And who are these women? Take your pick from the treasure trove of stock characters that the male sexual fantasy complex has fed us. There are high-powered, but emotionally brittle female psychiatrists, tragic young ingenues, naive female poets, the occasional innocent farm girl — her cow milking a not too subtle metaphor for what the protagonist wants her to do to his well-read, internationally acclaimed boner — with the smell of tulips about her. Let me ask you something, Older Male Authors of a Certain Generation: Have you ever been near a cow?

Both Gabriel Garcia Marquez and John Updike went underage, which is revolting. They were largely shielded from criticism by the male apologists of high art, who reject critical interpretations of literature that expect the writer to take his head out of his own ass once in a while and decide against loving descriptions of pedophilia. In Memories of My Melancholy Whores, the ninety-year-old protagonist begins the book by ordering a young virgin on the telephone. Updike’s character in Toward the End of Time begins molesting a young girl for money. There seems to be a suspension of sexual morality in these books, built as they are on a rapidly deflating, and therefore desperately adhered to, sense that they are chasing HIGHER IDEALS. These ideals include the assumption that Fond Memories of Vagina is a book that needs to be written. Otherwise, we might forget that older men lust after younger women.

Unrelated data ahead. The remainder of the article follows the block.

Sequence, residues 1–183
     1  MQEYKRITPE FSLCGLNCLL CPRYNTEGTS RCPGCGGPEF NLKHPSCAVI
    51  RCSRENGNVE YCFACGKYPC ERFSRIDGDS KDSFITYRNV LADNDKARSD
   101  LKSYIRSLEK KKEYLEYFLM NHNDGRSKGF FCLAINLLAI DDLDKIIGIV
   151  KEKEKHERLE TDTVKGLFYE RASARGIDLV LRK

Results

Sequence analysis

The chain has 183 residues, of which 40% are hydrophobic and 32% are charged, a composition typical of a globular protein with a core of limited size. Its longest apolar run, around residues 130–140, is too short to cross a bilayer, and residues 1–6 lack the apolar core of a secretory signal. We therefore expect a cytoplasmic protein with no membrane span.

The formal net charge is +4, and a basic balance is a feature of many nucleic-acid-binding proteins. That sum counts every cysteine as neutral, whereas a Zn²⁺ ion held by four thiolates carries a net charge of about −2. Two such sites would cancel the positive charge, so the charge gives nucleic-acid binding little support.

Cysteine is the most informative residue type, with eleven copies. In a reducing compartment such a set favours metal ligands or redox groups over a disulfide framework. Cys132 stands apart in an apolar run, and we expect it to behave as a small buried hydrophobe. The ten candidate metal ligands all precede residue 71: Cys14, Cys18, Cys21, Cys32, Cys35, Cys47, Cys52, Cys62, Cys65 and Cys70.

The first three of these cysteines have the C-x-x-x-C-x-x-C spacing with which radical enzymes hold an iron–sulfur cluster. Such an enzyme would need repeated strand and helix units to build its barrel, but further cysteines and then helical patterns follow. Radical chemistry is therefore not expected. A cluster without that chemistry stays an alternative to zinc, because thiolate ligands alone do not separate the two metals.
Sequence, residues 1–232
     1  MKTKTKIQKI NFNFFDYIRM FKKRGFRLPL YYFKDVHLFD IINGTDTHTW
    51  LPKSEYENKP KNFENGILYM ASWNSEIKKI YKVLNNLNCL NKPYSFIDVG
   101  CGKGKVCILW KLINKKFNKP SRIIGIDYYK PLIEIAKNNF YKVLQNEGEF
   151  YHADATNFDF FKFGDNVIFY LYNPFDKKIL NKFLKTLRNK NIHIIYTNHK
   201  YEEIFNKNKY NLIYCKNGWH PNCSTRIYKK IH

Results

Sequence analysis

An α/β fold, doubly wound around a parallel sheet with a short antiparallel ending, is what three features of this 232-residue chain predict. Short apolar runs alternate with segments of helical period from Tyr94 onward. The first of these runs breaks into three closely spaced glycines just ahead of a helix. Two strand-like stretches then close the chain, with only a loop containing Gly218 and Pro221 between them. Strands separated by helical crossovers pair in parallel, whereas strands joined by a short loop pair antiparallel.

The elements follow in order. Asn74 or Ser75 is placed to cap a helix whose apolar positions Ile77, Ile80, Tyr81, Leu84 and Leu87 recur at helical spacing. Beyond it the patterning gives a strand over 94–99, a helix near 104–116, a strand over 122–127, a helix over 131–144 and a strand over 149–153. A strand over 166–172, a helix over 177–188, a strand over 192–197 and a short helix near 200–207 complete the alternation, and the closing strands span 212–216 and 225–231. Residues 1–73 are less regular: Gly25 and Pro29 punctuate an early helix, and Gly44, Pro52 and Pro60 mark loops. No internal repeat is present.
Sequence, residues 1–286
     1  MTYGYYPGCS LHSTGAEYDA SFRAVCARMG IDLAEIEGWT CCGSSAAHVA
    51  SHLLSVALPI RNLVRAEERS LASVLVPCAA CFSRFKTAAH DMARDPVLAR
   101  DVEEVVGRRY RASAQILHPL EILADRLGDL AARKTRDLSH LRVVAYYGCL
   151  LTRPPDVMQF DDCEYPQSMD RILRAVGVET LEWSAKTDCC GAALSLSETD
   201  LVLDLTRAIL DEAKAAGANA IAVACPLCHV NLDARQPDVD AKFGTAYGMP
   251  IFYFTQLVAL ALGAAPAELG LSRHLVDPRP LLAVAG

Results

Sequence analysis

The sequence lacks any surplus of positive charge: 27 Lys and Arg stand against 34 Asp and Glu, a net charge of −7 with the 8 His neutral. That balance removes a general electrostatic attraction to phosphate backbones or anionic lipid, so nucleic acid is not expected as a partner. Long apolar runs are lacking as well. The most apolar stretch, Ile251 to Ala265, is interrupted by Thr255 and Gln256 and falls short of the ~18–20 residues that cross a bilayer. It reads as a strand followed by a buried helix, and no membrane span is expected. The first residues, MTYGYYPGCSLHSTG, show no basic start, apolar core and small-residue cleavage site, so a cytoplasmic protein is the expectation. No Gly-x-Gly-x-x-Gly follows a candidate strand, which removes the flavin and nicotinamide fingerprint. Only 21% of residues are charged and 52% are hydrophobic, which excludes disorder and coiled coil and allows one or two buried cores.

Let us call these books what they are: high-minded pornography. They are a way for Older Men of a Certain Generation to read a book about how sexy they are, how normal their neurotic tendencies are, and how easy it is to get young women to have sex with them. But they should not be labeled “universal,” as literature so often is. I am NOT talking about censorship. I am talking about the fact that these books won’t appeal to more than half of the population, and yet are marketed as if they written for everyone. If I decided to write a book about all the sex I wish I was having, I would have the sense to name it McKinley from “Wet Hot American Summer” Sends Garland a Sext or The Night Shia LaBeouf Didn’t Ruin It By Talking, not The Silent Quickening of Thomas Dupree. That would be misleading.